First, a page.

• Your paediatric ward isolation cubicles
  • Your ward cohorting areas, if needed
  • Your hospital’s negative pressure cubicles, and prepare for use for children 
  • Suitable areas for donning and doffing PPE and its disposal in paediatric areas
  • Staff to maintain isolation rooms and ensure quarantine areas remain clean, stocked and ready for use

And ensure that:

  • If there is no ensuite toilet in the isolation room, a dedicated commode (which should be cleaned as per local cleaning schedule) should be used with arrangement in place for the safe removal of the bedpan to an appropriate disposal point
  • In emergency departments, barrier signs and infection control precaution signs are in place
  • Access to isolation cubicles is only via one entrance 

And:

  • Establish a process for communicating positive results from swabs taken in the quarantine area. Including repeat risk assessment by telephone triage if positive
  • Ensure families and patients have advice on self-isolation (stay at home)
  • Have your suite of patient information ready specifically written for parents and children, including written information for admitted patients and posters in waiting areas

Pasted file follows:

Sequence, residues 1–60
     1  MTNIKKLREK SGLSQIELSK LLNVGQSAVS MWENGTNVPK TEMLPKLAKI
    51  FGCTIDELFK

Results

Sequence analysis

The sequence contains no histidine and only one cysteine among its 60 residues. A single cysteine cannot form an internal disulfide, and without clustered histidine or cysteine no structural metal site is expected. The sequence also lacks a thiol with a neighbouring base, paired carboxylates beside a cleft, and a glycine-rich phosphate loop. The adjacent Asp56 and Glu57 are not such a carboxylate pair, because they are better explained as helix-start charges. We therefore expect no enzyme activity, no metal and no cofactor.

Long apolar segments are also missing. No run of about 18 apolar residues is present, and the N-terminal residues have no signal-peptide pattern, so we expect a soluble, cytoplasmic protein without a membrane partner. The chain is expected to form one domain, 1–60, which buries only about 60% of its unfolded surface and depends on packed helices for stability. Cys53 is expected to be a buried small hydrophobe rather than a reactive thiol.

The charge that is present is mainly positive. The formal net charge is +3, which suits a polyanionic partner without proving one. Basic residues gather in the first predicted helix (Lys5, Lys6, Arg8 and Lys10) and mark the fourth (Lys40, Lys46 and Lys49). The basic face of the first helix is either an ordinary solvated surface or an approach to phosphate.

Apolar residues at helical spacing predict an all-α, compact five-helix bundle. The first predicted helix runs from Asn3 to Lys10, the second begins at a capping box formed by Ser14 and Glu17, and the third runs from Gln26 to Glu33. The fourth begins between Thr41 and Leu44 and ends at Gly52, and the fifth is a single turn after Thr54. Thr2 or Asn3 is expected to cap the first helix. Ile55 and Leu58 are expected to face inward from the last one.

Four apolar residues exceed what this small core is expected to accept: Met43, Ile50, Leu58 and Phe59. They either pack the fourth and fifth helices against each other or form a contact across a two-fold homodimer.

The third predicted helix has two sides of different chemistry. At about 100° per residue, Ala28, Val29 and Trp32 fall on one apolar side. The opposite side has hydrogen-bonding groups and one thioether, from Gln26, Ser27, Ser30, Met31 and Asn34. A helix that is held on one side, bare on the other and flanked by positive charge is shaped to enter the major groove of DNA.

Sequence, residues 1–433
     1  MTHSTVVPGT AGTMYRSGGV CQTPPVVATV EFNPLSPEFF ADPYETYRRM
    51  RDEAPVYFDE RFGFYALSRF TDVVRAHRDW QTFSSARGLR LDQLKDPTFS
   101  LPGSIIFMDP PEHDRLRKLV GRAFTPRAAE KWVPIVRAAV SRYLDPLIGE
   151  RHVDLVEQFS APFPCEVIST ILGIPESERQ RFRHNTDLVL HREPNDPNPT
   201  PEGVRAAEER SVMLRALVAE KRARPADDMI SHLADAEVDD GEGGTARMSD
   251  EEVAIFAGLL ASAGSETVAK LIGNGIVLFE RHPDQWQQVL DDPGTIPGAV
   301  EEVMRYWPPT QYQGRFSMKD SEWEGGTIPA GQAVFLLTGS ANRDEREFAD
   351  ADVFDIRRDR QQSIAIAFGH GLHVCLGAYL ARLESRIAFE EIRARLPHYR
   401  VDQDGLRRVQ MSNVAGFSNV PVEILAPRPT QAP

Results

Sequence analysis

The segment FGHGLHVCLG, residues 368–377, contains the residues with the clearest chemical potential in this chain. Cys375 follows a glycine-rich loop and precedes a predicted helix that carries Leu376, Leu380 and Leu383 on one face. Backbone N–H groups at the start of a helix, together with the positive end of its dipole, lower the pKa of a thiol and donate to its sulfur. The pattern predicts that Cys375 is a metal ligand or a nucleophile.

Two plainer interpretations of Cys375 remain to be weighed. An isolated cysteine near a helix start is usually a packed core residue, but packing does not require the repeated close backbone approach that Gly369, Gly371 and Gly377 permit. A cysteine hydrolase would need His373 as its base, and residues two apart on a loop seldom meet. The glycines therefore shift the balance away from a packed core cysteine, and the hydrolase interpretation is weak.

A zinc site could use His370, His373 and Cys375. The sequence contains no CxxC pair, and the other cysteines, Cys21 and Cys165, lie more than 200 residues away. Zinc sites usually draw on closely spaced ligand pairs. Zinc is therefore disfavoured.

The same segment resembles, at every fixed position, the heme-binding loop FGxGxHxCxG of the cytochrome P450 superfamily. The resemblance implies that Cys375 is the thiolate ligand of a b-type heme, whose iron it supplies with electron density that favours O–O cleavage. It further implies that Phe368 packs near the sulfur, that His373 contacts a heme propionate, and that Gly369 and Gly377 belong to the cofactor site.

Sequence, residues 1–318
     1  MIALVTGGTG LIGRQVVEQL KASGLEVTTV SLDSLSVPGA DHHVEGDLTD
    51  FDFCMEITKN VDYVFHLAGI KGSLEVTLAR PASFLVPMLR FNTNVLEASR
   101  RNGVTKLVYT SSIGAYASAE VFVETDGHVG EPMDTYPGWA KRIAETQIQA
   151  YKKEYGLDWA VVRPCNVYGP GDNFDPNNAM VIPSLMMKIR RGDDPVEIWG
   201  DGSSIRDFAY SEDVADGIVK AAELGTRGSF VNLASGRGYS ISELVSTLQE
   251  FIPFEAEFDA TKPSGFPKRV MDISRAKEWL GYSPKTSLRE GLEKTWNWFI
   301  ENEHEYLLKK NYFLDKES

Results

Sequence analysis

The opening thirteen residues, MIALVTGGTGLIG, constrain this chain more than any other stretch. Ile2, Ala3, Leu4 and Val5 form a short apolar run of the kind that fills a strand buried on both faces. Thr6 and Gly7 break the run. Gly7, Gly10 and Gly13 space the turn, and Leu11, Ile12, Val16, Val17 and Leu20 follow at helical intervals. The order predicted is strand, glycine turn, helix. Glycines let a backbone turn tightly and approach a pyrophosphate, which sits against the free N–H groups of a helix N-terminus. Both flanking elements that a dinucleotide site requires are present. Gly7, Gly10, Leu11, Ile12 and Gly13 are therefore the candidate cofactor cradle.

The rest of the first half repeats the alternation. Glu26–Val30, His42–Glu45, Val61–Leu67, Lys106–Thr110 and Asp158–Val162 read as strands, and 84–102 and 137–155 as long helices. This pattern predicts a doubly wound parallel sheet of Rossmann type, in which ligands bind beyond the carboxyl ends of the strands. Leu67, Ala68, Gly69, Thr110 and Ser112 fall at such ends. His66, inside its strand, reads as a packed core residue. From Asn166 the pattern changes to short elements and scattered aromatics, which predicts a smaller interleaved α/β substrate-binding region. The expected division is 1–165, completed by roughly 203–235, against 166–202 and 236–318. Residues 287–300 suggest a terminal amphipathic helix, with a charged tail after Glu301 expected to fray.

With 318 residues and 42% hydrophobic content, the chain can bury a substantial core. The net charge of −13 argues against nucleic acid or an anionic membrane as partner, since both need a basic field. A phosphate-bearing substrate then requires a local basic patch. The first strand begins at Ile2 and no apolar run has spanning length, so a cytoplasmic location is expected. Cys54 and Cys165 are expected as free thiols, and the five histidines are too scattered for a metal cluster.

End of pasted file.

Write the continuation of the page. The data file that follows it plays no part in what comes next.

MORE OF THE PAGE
Infection control

Case management

Managing suspected cases - initial investigation and management

NHS England guidance describes approaches to streaming at the 'front door', with rapid assessment and triage, to help ensure safe management of increased patient numbers. For example, streaming of patients by directing: well COVID-potential patients home to access services via NHS 111 online/remote primary care; well non-COVID presentations to primary care services/home as appropriate (including all minor illness presentations traditionally seen by UCC and GPCOOPs); COVID-potential patients to ‘hot assessment’ zones; non-COVID patients to ‘cold assessment’ zones; and patients being seen directly by the specialty, without prior ED assessment (other than rapid assessment and triage).

NHS England has produced a reference guide for emergency care settings covering the following topics:

  1. Which patients should / should not be conveyed to hospital?
  2. Emergency department approach to streaming during the COVID-19 pandemic.
  3. Emergency department / AMU admission criteria for COVID-19 and non COVID-19 patients.
  4. Emergency department documentation for suspected COVID-19 patients.
  5. Radiology guidelines for COVID-19 patients.
  6. Same day emergency care 'must do / priorities'.
  7. Discharge of inpatients - reasons to reside in an acute hospital bed.

Presentation of possible COVID-19 at ED

  • If a child with possible COVID-19 presents directly to ED, they should be redirected to your COVID-19 quarantine area. See PHE guidance on managing infection control risks in ED
  • If the child has severe respiratory compromise, they will need to be transferred immediately to your designated isolation cubicle for management. In most hospitals this will be in your ED areas, other solutions may exist.